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Rejection as a catalyst for self acceptance and love

Last week, a colleague mentioned that we had over 100 applicants for an intern position he advertised in his department, and of course, there was only space for one. 99 hopeful applicants were unsuccessful, and each one of them will have to deal with the fact that they didn't get the job - they were rejected.

A google search for "how to deal with rejection" returns about 118 million results. The articles on the topic tend to follow fairly similar lines, including titles such as "overcoming rejection", "getting over rejection" and so on. Understandably, the articles tend to focus on how you need to get back on your feet as quickly as possible after you've been rejected.

These articles are super helpful, and include guidance such as:

- Honour your emotions and surround yourself with friends and family as you work through this complex process.

- The fact that you have been rejected is evidence that you are pushing your limits and growing, which you can be proud of.

- Treat yourself with compassion through the process.

- Be introspective and learn what you can from the experience, and then make the necessary changes in your life to decrease your chances of rejection in the future.

To take a quick detour - whilst the advice above is helpful, I personally view all of this advice as tactics to manage the feelings caused by rejection, rather than mechanisms to dissolve the issue entirely.

Let's use a very simple example to illustrate the distinction between tactics and dissolution:

If I experience back pain every day at work because I sit on a crappy chair and my posture is completely out of whack, a tactic to manage the back pain would be to take anti-inflammatories every day. I will be pain free, but I haven't solved the problem, and it's only a matter of time before the problem rears its head again. As an alternative, the path to dissolve the back pain entirely would be to get a new chair and correct my posture. In the former I'm not solving the root cause of the problem, I'm just managing the symptoms. In the latter, I'm dissolving the root cause.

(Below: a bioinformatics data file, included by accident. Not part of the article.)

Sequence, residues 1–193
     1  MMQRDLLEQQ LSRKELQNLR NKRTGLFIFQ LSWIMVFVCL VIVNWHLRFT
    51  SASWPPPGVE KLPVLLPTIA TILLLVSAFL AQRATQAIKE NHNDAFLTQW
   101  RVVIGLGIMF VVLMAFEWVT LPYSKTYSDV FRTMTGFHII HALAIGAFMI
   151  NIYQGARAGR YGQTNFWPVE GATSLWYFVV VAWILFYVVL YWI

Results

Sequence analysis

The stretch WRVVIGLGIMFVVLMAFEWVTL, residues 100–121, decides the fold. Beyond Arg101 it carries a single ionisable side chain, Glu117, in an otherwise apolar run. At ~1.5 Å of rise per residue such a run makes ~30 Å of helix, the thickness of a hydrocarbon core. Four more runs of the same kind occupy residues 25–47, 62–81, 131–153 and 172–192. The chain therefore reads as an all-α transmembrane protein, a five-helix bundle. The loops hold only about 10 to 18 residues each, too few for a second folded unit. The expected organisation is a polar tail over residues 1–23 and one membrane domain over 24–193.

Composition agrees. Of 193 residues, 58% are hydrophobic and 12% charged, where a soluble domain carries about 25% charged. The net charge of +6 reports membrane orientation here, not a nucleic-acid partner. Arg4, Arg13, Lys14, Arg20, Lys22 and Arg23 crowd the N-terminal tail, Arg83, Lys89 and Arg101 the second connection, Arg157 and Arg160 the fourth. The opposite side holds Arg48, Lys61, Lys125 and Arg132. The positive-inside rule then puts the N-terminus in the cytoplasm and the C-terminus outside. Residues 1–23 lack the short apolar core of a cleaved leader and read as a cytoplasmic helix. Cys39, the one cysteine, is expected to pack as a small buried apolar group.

Okay, so getting back to the point on rejection:

Rejection is inevitable in our lives, and it's going to happen a lot. We can choose to employ tactics to try and manage the emotional fallout of rejection, or we can choose to address the root cause and dissolve the issue:

The opposite of rejection is acceptance, and only you can ever truly accept yourself.

If that sounds like an abstract or woo woo thing to say, I can assure you it's not. It's very practical, but it will require bravery and introspection like never before, and it may well be the work of a lifetime.

Let's say that you're one of the applicants for the intern position, and you do get the job. Hooray! Fantastic. For a while you will feel the buzz of being validated by the team you've been employed by, and and that dreaded sense of rejection is kept at bay. It's only a matter of time before you volunteer an idea to your new boss at a meeting in front of your colleagues which is rejected, and you get thrown back into that feeling of unworthiness, or not being good enough. It's only a matter of time before you apply for a promotion, only to find out that your colleague got it and you didn't.

If we place our sense of self worth outside of ourselves, it's not a question of if, but rather when, the rejection of others will knock us down. Rejection is absolutely inevitable, and it's a tiring game to keep trying to please those around you in order to receive their validation and acceptance.

Okay, so if that opposite of rejection is acceptance, and only you can truly accept yourself, how the heck do you do that?